Sunspots, often the precursors to gigantic solar flares that can potentially destroy our entire planet in an instant (well, nearly), can now be accurately predicted two days ahead of when they emerge on the sun's surface. So relax, you'll have plenty of time to put on your tinfoil hat and prepare for the apocalypse.
The key to predicting sunspots and solar flares is being able to detect what's going on inside the sun, which (if you hadn't noticed) is a huge ball of exploding plasma, so digging a hole and dropping a sensor down into it is probably not an option.
What we can do instead, as researchers at Stanford have just discovered, is to use seismic waves travelling through the sun to provide clues to what's going on under the surface. We do the same thing here on Earth: seismic (or sound) waves travel at different speeds through different materials, and we can use them to figure out the structure of our planet to a greater depth than we can possibly drill to. On the sun, these seismic waves speed up significantly when they encounter a sunspot rising to the surface, and by using multiple measurements, scientists have been able to accurately estimate when and where a sunspot will appear a day or two before it actually does.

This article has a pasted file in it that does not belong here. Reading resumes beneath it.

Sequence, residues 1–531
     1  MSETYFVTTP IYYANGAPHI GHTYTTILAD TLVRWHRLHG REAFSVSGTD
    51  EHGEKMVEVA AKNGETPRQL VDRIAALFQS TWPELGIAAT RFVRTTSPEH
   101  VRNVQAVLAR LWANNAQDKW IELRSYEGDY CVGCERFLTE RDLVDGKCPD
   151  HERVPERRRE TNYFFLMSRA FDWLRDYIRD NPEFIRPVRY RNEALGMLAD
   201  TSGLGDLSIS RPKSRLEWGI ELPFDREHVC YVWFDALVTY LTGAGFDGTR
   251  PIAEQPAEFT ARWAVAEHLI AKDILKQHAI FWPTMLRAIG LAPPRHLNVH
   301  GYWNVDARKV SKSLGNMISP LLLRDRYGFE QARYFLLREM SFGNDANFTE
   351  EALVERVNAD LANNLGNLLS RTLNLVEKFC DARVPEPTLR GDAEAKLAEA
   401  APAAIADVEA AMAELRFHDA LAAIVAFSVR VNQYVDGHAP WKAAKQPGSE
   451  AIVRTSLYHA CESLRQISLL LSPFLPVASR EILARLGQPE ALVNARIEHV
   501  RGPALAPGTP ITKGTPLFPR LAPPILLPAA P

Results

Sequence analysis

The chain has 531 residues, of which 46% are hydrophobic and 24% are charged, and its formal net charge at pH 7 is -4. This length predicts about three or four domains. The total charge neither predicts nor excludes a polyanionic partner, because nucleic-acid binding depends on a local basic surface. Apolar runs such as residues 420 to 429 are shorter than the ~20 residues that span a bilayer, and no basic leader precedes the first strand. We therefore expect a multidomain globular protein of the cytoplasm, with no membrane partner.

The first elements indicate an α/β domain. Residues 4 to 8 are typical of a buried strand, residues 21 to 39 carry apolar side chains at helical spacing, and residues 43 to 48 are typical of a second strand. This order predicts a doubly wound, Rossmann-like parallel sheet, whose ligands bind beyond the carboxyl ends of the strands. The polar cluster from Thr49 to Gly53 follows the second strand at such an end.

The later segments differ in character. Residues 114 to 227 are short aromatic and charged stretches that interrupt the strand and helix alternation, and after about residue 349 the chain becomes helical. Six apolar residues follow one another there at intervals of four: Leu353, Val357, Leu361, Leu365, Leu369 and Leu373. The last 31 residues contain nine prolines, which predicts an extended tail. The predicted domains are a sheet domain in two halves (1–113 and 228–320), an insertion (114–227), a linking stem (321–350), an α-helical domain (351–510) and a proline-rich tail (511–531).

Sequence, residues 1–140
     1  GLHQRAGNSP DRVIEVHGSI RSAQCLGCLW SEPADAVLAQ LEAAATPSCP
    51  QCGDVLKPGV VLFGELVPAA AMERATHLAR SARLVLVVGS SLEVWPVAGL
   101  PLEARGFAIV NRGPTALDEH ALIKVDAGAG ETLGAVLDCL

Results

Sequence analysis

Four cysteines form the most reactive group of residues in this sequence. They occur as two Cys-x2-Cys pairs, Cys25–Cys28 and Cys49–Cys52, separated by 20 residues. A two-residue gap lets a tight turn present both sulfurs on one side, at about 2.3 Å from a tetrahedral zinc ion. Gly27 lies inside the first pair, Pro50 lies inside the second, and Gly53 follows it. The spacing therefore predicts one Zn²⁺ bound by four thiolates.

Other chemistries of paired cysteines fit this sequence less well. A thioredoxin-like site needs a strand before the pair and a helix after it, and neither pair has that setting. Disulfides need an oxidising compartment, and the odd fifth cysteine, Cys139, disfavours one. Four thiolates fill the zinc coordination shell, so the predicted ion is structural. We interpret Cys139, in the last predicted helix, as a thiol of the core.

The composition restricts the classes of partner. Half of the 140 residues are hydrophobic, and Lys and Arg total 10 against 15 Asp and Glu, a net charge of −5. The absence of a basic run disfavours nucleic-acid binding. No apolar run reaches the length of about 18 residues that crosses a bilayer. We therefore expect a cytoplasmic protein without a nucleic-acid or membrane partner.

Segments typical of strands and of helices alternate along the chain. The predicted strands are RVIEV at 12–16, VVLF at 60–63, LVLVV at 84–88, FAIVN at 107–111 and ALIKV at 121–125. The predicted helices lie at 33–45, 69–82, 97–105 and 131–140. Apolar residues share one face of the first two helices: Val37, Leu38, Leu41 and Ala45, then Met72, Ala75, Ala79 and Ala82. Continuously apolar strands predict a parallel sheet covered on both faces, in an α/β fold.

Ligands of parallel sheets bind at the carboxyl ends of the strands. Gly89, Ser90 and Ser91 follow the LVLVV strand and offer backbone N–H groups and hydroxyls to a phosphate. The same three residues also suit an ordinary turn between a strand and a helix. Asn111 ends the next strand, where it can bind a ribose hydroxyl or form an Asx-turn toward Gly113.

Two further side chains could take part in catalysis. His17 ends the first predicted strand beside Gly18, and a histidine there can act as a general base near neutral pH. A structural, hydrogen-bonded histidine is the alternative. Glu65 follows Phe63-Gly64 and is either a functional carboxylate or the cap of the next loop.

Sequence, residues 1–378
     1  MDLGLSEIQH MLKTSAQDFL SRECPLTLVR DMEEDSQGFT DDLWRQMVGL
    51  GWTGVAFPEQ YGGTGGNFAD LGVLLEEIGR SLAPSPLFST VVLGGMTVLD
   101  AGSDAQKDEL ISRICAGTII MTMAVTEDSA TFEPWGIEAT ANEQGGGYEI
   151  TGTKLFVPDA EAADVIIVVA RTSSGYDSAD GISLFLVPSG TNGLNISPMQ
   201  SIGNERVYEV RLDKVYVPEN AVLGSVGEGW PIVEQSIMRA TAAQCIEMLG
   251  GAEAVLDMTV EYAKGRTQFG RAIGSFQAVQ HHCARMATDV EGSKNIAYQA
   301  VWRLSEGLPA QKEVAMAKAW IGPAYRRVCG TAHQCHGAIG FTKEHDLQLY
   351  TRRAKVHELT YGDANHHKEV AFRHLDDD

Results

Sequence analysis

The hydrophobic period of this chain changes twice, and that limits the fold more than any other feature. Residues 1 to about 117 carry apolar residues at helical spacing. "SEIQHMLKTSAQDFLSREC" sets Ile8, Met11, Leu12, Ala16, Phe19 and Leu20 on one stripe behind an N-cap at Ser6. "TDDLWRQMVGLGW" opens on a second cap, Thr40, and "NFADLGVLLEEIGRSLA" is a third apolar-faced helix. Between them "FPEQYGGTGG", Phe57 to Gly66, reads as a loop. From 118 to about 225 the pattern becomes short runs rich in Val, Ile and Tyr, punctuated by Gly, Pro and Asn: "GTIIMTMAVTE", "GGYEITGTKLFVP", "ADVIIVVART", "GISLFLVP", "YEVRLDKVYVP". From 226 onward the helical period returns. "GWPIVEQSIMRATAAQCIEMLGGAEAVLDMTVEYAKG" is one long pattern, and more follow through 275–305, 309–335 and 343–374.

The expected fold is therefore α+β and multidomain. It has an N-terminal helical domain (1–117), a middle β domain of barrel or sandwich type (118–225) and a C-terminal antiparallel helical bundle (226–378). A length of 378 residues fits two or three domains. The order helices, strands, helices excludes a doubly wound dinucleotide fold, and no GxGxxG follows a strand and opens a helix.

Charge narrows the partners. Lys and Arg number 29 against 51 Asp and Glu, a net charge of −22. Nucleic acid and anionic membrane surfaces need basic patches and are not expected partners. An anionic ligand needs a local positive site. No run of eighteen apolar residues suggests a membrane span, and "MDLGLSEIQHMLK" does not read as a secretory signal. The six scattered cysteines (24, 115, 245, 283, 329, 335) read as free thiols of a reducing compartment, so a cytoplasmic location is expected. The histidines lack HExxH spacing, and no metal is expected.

Being able to make predictions like this is a big deal for anyone and anything in space, since it gives astronauts and satellites a chance to batten down the hatches in the event that something bad is pointed toward Earth orbit. For the rest of us, space weather is usually not a factor in our daily lives, but if something big and nasty does happen, this system has the potential to give us all a little extra warning.